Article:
Are you prepared if disaster strikes again?

By David Collins, Pound Gates Chartered Insurance Brokers

Recent events have made many businesses realise the importance of insurance, with so many being forced to suspend operations due to the pandemic.

Published in Suffolk Director Magazine, Winter/Spring 2020

Try to imagine the challenges and struggles your business would face in the wake of a natural disaster. Even a relatively minor fire or flood can force your business to shut down operations, it does not have to be a large-scale disaster.

Your commercial property insurance cover would help you rebuild your physical infrastructure, but are you equipped to deal with lost revenue and mounting expenses while you work to restore operations?

Planning for the worst

The difference between surviving a business interruption and going under often hinges on one factor: preparation. The best way to prevent a disaster from putting the future of your business at risk is to have a proper business continuity plan in place.

Business continuity planning involves:

•  Defining potential risks

•  Determining how those risks will affect operations

•  Implementing safeguards and procedures designed to mitigate those risks

•  Testing those procedures to ensure that they work

•  Reviewing the process to make sure that it is up to date

Start the process by establishing a planning team to develop the plan. Typical goals of your plan should include:

•  Protecting the safety of employees, visitors, contractors and others at risk

•  Maintaining customer service by minimising interruptions or disruptions of business operations

•  Protecting facilities, physical assets and electronic information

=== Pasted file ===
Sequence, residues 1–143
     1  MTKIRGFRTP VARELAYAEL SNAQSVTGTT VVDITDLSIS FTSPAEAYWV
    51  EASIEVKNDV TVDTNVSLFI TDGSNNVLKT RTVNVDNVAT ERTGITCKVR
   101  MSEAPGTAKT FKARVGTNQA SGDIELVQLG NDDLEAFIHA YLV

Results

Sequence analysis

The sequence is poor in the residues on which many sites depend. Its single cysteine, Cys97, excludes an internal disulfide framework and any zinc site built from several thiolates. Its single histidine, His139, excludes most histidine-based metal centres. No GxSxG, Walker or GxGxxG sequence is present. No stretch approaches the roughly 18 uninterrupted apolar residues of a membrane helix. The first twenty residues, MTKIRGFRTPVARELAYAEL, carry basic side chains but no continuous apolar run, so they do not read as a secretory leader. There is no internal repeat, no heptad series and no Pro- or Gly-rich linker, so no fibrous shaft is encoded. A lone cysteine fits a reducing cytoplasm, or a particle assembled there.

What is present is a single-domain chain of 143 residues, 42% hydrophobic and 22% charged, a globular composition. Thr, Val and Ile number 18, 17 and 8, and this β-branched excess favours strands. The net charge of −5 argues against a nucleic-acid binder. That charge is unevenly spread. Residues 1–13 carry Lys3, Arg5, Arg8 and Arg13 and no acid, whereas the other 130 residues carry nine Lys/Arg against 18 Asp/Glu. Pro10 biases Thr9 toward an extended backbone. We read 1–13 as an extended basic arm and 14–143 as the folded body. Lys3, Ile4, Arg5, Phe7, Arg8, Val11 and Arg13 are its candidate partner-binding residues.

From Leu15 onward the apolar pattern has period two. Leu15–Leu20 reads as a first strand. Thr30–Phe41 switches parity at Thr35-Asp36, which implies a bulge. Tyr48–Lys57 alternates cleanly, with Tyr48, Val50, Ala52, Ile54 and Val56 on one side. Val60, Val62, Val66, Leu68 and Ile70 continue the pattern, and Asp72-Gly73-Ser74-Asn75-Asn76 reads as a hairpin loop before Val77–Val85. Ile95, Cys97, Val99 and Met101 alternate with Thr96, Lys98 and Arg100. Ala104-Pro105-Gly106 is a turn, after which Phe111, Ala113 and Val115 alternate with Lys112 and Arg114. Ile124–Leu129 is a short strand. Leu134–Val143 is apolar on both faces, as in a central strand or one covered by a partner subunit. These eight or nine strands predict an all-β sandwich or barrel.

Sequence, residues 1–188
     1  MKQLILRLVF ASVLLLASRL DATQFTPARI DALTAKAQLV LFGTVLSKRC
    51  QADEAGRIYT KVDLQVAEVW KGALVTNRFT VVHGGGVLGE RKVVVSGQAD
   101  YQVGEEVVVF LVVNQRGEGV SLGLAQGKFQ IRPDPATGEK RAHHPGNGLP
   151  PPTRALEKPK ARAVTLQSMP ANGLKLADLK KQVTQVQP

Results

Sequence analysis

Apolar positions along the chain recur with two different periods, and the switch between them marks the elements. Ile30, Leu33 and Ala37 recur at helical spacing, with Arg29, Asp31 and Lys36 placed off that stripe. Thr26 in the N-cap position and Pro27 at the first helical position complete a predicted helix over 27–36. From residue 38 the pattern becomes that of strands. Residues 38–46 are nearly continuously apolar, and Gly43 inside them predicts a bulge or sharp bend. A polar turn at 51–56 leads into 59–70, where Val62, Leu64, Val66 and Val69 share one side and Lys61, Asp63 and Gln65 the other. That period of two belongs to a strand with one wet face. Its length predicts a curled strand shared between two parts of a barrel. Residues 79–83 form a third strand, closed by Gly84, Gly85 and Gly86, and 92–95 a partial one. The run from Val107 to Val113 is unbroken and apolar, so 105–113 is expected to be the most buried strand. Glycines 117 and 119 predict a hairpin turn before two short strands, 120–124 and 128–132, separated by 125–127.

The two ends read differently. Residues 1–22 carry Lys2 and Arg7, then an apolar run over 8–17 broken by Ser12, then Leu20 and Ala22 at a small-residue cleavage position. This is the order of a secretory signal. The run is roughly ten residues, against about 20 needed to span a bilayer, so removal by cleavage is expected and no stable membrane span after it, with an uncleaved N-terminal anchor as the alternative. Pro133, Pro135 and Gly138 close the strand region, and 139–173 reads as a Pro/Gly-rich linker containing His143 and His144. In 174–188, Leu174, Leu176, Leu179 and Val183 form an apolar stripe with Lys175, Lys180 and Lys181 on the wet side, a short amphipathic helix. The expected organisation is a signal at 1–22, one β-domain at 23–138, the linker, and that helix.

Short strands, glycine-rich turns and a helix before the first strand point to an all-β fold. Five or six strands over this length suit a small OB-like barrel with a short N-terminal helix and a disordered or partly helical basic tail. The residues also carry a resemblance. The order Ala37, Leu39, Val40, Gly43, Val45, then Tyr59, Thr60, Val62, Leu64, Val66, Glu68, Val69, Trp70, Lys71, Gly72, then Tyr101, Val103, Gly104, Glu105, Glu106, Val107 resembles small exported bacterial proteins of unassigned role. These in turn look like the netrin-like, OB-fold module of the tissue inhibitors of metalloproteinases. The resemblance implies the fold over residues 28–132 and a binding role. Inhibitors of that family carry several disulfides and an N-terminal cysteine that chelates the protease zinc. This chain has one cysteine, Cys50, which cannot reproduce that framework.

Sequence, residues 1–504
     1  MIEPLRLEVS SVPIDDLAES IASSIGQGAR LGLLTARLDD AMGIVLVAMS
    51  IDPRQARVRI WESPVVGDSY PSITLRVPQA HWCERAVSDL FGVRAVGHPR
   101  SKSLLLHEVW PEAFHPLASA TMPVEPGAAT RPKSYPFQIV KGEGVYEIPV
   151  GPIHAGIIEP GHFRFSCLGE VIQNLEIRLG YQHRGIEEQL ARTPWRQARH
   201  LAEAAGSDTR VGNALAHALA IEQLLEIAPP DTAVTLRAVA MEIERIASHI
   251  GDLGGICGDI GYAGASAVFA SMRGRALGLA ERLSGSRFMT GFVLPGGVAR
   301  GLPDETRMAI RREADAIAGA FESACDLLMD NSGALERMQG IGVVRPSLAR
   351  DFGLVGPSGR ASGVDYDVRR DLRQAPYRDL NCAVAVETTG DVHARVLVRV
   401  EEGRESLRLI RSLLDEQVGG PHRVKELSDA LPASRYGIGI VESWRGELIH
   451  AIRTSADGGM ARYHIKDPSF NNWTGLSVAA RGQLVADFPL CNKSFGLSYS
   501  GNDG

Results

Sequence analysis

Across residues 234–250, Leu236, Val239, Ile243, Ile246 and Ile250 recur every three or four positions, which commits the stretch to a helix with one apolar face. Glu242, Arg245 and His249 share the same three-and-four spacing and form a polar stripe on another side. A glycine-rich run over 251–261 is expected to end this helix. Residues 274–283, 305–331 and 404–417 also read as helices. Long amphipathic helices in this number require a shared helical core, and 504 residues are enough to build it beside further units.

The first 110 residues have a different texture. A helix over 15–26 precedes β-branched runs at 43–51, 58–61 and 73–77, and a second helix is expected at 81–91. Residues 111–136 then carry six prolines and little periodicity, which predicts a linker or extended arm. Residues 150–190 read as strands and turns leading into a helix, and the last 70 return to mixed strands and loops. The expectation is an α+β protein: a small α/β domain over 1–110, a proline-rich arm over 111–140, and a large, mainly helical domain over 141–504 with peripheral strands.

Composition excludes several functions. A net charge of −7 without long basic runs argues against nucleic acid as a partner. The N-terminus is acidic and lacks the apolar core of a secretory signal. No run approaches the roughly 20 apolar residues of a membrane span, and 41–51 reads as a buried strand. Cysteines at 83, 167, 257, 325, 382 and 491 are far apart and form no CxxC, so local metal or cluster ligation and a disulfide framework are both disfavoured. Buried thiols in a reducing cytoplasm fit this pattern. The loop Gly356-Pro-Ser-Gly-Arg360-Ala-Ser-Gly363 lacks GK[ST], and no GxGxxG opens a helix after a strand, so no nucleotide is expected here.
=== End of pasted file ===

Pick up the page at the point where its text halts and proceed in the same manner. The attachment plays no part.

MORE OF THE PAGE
•  Preventing environmental contamination

•  Protecting your organisation’s brand, image and reputation

The planning process should take an ‘all-risks’ approach. The likelihood that a specific hazard will impact your business is hard to determine, so it’s important to consider the many different threats and the likelihood they will occur. A business impact analysis predicts the consequences of an interruption and gives a good idea of how operations would be affected if you were forced to temporarily close.

Implementing the plan means more than simply exercising the plan during an emergency. It means acting on recommendations made during the hazard analysis, integrating the plan into company operations, training employees and evaluating the plan on an ongoing basis.

It is important to conduct a formal audit of the entire plan annually, to help identify any factors that may necessitate changes.

Let us guide you through the process

No business owner wants to think about what will happen to the business if disaster strikes, but it’s a reality that all business owners must face. We realise it can be a daunting task to plan for a major business interruption, but it doesn’t have to be.

We can help you kick-start your planning efforts with a suite of business continuity tools and resources, including a sample plan that can be tailored to meet the unique needs of your business. We can guide you step by step throughout the planning process, from assessing hazards to implementing safeguards to ensuring your plan stays up to date.

David Collins is Client Services Director at Pound Gates Chartered Insurance Brokers. For more information: T: 01473 346046 or visit Twitter: @poundgates

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